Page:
ON HAND: “Impaired Child Area”

This originally appeared in The Tactile Mind Weekly in Trudy’s ON HAND column.

I did a double take as I drove in my jeep in Eden Prairie, Minnesota. Was I really seeing what I had just seen? I carefully looked again. Yup. I hadn’t misread the yellow diamond sign that proclaimed: IMPAIRED CHILD AREA.

I chuckled and kept driving. What kind of impairment? Mental? Physical? Alcohol? Were drivers to slow down if they saw someone with any sign of impairment? Shouldn’t drivers slow down for any person, period?

njsignThis made me think about when I lived in southern New Jersey. I was on a shuttle back from the airport, and we stopped at a hotel to let a passenger off. I noticed a sign in front that stunned me: DEAF EMPLOYEES ON PREMISES.

I decided this would be perfect for a story, so I called the hotel, Summerfield Suites, and spoke with someone named Jen. When asked why the sign was mounted, Jen said, “It’s to let people know that some people who work here can’t hear… I guess because we have a parking lot surrounding our building to let them know we have deaf people working here, to be careful.” As I hung up, I thought that if these people got jobs, they probably could be taught to look both ways before crossing the street, or in this matter, a parking lot. (For more on this, check the July 2001 issue of Silent News, page 11.)

I also often drove by a sign near my parents’ old house in Naperville, Illinois, that said: HEARING IMPAIRED CHILD AREA. One can only wonder how they managed to fit all of the letters on the sign. I always pictured the sign being lobbied for by an overprotective parent who believed deaf kids were helpless. Or maybe not. My boyfriend’s (deaf) parents have a cabin in Northern Wisconsin, and 20 years ago, a DEAF CHILD AREA sign was suddenly put up much to their surprise. After a while, the parents finally found out who had put it up–it was a hearing neighbor, who wanted to keep cars from speeding down that isolated road.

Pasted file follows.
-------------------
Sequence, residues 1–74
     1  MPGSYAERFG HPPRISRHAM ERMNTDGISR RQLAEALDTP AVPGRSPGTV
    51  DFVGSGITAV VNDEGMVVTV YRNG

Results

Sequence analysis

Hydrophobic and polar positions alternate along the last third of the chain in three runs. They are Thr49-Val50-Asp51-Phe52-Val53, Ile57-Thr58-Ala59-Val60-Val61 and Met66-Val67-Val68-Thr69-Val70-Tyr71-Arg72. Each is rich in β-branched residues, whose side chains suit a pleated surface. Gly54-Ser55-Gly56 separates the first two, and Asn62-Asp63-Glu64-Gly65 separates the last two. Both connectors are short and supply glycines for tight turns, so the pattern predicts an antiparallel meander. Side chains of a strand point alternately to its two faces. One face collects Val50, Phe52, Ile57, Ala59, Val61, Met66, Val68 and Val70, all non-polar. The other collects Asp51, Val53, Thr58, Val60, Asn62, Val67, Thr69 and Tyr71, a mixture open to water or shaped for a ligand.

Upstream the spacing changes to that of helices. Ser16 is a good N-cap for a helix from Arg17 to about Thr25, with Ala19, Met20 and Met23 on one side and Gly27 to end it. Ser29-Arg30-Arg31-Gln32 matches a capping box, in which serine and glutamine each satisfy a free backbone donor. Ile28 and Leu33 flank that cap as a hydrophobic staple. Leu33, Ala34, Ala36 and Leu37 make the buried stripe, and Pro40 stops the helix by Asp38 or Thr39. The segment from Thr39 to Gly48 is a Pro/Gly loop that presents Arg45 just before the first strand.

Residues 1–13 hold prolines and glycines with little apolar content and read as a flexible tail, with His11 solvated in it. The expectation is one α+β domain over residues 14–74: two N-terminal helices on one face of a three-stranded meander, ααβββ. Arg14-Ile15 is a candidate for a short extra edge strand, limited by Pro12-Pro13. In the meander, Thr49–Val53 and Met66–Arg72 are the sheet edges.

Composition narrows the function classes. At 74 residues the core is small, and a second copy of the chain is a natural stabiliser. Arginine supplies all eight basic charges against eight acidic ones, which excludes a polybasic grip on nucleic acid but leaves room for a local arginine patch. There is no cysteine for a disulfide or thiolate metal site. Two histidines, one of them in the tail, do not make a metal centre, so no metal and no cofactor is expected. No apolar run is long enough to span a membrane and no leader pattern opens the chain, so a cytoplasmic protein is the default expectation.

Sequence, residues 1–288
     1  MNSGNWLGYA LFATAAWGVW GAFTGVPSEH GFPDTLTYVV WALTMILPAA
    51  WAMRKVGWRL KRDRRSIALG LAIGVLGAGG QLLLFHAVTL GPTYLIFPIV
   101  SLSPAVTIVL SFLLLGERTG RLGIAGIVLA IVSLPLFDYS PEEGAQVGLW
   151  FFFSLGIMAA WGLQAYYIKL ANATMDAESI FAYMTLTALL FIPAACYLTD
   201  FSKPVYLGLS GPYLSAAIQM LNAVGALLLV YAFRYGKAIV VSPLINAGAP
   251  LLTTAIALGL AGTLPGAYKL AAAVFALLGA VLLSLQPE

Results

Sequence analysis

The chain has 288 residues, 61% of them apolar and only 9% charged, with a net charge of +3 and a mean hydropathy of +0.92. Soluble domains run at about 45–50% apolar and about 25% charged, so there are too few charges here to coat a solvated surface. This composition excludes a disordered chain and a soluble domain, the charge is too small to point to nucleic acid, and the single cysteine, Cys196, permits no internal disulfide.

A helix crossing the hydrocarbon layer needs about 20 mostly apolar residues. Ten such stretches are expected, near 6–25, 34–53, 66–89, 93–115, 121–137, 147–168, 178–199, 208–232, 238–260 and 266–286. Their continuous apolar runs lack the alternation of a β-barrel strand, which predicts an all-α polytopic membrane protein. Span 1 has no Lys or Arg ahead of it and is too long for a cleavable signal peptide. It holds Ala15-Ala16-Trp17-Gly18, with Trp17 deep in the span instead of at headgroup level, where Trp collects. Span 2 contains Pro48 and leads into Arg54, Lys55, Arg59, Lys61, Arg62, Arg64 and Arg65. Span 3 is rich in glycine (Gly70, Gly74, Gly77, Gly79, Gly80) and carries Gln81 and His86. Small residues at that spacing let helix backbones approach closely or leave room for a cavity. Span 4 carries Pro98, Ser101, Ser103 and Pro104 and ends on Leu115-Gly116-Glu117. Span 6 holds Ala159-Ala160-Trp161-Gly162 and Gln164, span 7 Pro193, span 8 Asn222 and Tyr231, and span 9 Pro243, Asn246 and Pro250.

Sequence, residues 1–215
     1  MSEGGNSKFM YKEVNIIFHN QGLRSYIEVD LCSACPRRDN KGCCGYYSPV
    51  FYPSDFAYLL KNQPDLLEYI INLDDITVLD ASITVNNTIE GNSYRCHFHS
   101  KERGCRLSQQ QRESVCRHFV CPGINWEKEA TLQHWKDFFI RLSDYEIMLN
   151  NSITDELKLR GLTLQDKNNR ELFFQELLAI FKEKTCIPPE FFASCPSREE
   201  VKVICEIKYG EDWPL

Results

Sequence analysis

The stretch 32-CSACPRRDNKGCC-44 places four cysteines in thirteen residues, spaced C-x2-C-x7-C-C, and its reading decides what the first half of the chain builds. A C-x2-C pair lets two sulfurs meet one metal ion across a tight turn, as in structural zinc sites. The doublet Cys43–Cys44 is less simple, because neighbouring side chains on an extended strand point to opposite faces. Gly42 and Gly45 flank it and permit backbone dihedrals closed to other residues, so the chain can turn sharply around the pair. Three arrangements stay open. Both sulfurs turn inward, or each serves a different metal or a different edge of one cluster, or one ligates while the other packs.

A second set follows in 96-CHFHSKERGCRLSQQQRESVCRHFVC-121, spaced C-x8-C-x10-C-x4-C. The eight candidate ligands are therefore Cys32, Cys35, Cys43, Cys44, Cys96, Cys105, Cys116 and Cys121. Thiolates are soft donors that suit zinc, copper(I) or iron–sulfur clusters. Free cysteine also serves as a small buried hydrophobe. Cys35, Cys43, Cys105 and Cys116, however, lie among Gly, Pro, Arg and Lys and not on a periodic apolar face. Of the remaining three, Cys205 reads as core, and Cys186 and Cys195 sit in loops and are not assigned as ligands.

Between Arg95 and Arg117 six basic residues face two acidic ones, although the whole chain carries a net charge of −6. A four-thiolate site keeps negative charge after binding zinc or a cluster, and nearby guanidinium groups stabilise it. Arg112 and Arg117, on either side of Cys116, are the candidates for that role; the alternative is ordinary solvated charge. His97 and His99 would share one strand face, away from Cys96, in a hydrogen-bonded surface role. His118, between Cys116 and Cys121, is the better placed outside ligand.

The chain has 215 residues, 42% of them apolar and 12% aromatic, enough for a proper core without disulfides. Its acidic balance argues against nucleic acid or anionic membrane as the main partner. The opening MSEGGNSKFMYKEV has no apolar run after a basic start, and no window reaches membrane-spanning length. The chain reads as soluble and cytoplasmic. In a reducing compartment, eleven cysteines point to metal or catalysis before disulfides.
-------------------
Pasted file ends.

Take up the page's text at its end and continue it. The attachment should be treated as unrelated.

This is an age-old controversy. Do these signs really serve their purpose? I say they don’t. I’ve often discussed both sides of the issue with parents, deaf people, and anyone remotely interested in the topic. Most drivers don’t slow down, anyway–in fact, there was a show on television once where drivers were tested at random about the most recent sign they had just passed. More than 75% of them didn’t remember what the sign said.

Besides, these signs are easy advertisements for child molesters and kidnappers searching for prey. Why would anyone publicize that deaf children might be wandering around in the middle of the street? It’s just ridiculous to me. Can’t we find better ways to spend money?

Maybe I’ll mount a sign on the country road in front of my house: DEAF PEOPLE (AND DOG) AHEAD.

Copyrighted material. This article can not be copied, reproduced, or redistributed without the written consent of the author.

Related posts:

Comments Closed